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Harnessing Africa’s Free Trade Agenda

5 July 2023
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Overview

  • This is the first part in a series of articles on the African Continental Free Trade Area (AfCFTA).
  • The AfCFTA agreement has the potential to be a landmark initiative that can transform the trade and investment landscape of the African continent.
  • With its ambitious vision of fostering intra-African trade and boosting economic growth, the AfCFTA aims to propel economic development by promoting trade liberalisation, facilitating regional integration, and enhancing cooperation among African nations.
  • The AfCFTA architecture comprises the treaty and its protocols. To operationalise the protocols, there are various annexes and schedules, which set out the mechanics and tools to facilitate cross-border trade and investment.

This is the first in a series of articles on the African Continental Free Trade Area (AfCFTA) agreement. The aim of the series is to unpack the agreement’s various protocols and related matters and highlight:

  • key opportunities and potential inhibitors for business to consider in undertaking a regional growth strategy;
  • the roles of legal advisors in navigating the AfCFTA institutions and member states in supporting a regional trade or investment strategy; and
  • avenues for the private sector to influence the trajectory of the implementation of the AfCFTA instruments.

Member States that have signed the AfCFTA agreement have a combined population of 1.3 billion people with a GDP of USD 3.4 trillion. However, foreign direct investment (FDI) into Africa and intra-regional trade have generally been minimal. This is largely as a result of small and fragmented markets, disparate regulations, low consumption demand, ineffective trade and investment facilitation instruments, inhibited competition law enforcement with respect to conduct affecting trade across the continent, and non-tariff barriers.

African governments have committed to ameliorating these challenges, thereby improving the continent’s internal and external investment climate. The AfCFTA agreement and its corresponding operative instruments (the protocols) are concrete initiatives in this regard.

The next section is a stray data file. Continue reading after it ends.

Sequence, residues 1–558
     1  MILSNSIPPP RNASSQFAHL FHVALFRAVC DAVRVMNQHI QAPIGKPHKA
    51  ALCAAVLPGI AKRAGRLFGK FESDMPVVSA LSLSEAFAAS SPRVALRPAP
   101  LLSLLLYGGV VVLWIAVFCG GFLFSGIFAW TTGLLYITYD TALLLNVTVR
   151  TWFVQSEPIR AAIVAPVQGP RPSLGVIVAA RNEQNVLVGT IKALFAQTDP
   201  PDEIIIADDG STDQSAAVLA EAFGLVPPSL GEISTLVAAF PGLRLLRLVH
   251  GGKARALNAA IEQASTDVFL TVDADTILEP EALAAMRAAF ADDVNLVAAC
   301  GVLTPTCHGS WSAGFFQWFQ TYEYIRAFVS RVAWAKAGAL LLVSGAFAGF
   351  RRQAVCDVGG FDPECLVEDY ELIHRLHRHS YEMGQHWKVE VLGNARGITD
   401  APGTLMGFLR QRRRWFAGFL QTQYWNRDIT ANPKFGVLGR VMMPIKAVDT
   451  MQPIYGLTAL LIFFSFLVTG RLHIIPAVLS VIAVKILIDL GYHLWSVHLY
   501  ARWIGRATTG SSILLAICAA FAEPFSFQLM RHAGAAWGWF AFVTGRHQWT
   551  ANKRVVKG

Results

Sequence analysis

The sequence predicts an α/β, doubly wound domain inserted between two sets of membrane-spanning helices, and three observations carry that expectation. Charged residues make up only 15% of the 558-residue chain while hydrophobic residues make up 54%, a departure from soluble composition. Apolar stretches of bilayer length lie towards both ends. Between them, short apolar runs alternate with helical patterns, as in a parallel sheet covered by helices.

Impact on the internal market

The World Bank Group estimates income potential gains of USD 450 billion dollars. Most of this will be achieved through trade and investment facilitation by easing border crossing and replacing regulatory obstacles with optimal regulatory regimes to effectively manage cross-border trade and mergers and acquisitions, among others.  This is ultimately aimed at making it easier for African businesses to integrate regionally and tap into global and regional supply chains.

Impact on foreign direct investment

African governments estimate that global FDI inflows will increase by over 110%, and levels of FDI to increase by at least 50%.  Key sectors and value chains in this equation include rubber and plastics, processed foods, wood and paper products, air-transport, hospitality, chemicals, and pharmaceuticals. The energy, communications, banking, and transport sectors are other focus sectors.

Enablers of benefits under AfCFTA

Key to achieving the benefits identified above is the confidence of the private sector in the AfCFTA architecture and institutions. This will be determined by, inter alia, the effectiveness of legal frameworks governing market entry and conduct, the credibility and capacity of the institutions supporting the AfCFTA’s implementation and, importantly, access to justice and dispute resolution mechanisms before courts or tribunals. Minimising information asymmetry among member states and compliance costs to business will be a key litmus test.

The operational architecture

The AfCFTA architecture comprises the treaty and its protocols. To operationalise the protocols, there are various annexes and schedules that set out how cross-border trade and investment will occur. The protocols already in place include:

  • Protocol on Trade in Goods
  • Protocol on Trade in Services
  • Protocol on Rules and Procedure on the Settlement of Disputes
  • Investment Protocol
  • Competition Protocol